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Student photographers bring smiles to poor villagers' faces

Author:gzstcj  From:CHINA DAILY Time:2017-07-03 Browse:  Size: Big Middle Small

Charity project captures life in the Guizhou countryside

Wang Bangbi, 30, and his classmates have taken more than 5,000 family photos for free in poor villages in Guizhou province since 2012 in the hope of giving those people a memorable experience.

With his team, composed of photography majors from Guizhou Normal University, Wang has visited 16 remote villages in the past five years, taking photos of poor families. For many villagers, it was the first time they had had their photo taken.

Wang is from an impoverished family himself-he was the last one in his class to buy a camera due to financial constraints.

"In 2009, my mom used money that was supposed to be for buying her medicine to buy me a camera worth 12,000 yuan ($1,750)," he said. "However, I will never have the chance to take a family photo for my family because my mom died two months after she bought me the camera.

"It was so upsetting for me, and it is what gave me the idea of taking pictures for poor families like mine."

In July 2012, Wang contacted several students, who supported his idea and collected 3,300 yuan by working part-time jobs.

They spent the money on paper, ink and other materials. Then, they went to the villages of Zhongzhai and Duoque in Guizhou's Liupanshui city, carrying camera equipment, tents and food rations.

"In the beginning, nobody believed us," Wang said. "We showed the village committee an introduction letter from our university, and it wasn't until we gave some young villagers photos that we took of them that people believed we were doing it for free."

On the second day, villagers showed up wearing their best clothes, waiting in a line and hoping to have their first-ever picture taken.

That was the 11-member team's first charity trip. They walked for three hours in the mountains to reach the area, lived in tents and ate meals of compressed biscuits.

"We didn't want to disrupt the lives of locals," Wang said.

Soon, many more students at the university wanted to join the team.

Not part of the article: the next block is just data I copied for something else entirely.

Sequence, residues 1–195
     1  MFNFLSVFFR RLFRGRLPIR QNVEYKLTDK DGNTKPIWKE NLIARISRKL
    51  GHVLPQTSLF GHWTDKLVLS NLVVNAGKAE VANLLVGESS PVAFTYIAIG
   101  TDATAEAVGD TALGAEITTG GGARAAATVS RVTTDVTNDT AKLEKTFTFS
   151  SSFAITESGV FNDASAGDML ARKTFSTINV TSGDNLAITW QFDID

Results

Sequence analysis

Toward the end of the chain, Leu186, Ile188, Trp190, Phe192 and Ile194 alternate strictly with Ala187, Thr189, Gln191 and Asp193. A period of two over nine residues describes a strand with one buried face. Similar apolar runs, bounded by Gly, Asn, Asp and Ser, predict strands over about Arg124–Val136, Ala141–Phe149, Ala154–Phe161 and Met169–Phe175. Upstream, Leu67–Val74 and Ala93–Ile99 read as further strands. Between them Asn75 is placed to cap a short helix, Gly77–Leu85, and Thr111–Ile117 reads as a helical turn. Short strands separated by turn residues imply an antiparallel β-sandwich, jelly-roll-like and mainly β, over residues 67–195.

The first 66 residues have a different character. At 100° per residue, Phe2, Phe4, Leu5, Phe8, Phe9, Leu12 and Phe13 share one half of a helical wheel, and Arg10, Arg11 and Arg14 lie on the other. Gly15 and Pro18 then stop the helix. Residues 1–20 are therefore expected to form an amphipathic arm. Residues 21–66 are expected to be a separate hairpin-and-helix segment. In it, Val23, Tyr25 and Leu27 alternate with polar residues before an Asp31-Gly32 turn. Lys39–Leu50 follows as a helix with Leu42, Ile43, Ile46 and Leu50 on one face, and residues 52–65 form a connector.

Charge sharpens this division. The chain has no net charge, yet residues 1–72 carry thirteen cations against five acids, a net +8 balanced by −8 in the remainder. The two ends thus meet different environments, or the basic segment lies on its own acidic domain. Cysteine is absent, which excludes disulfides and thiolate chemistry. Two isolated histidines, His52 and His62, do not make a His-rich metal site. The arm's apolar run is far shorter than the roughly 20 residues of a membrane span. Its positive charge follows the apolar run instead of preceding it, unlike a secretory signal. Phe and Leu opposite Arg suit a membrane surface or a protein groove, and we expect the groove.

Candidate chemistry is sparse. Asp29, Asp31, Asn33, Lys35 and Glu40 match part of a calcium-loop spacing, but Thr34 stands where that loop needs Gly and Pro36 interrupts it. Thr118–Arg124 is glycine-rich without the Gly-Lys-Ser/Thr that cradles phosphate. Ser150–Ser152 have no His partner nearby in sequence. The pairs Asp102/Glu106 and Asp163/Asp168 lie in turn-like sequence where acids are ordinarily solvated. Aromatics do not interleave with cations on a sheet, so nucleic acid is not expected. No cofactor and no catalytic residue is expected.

"Every member of the team can gain something from the charity trips, especially when they witness the sincerity in the smiles of the villagers when they see their photos," Wang said.

The original 11 members have all graduated, but they still participate in the charity shoots when they have time, especially Wang.

He said he hopes the project continues forever, passing on the love from one generation to the next.

Wen Shuang, a junior student at the university, is now in charge of the team, taking over Wang's role.

"At present, all photography majors at Guizhou Normal University are members of the team," Wen said.

They take turns to go on charity shoots. As the project has grown, companies have contacted the team enquiring about sponsorship, but Wen said they insist on raising the necessary funding through working part-time jobs.

Sun Cuiping, a student from Jiangsu province, said she had never seen mountains like the ones in Guizhou back in her hometown. She used to fall over often when she walked to remote villages in the mountains, but now she is used to the rocky terrain.

"During a recent trip in Zhenning county, an old man died the day after we took photos of him, which means we captured the precious last moments of his life," Sun said.

"Love is precious. You should cherish the loving relationships you have with your family members," she added. "I'm doing something meaningful and I will continue to do it."

Contact the writers at dujuan@chinadaily.com.cn

Dong Xianwu contributed to this story.

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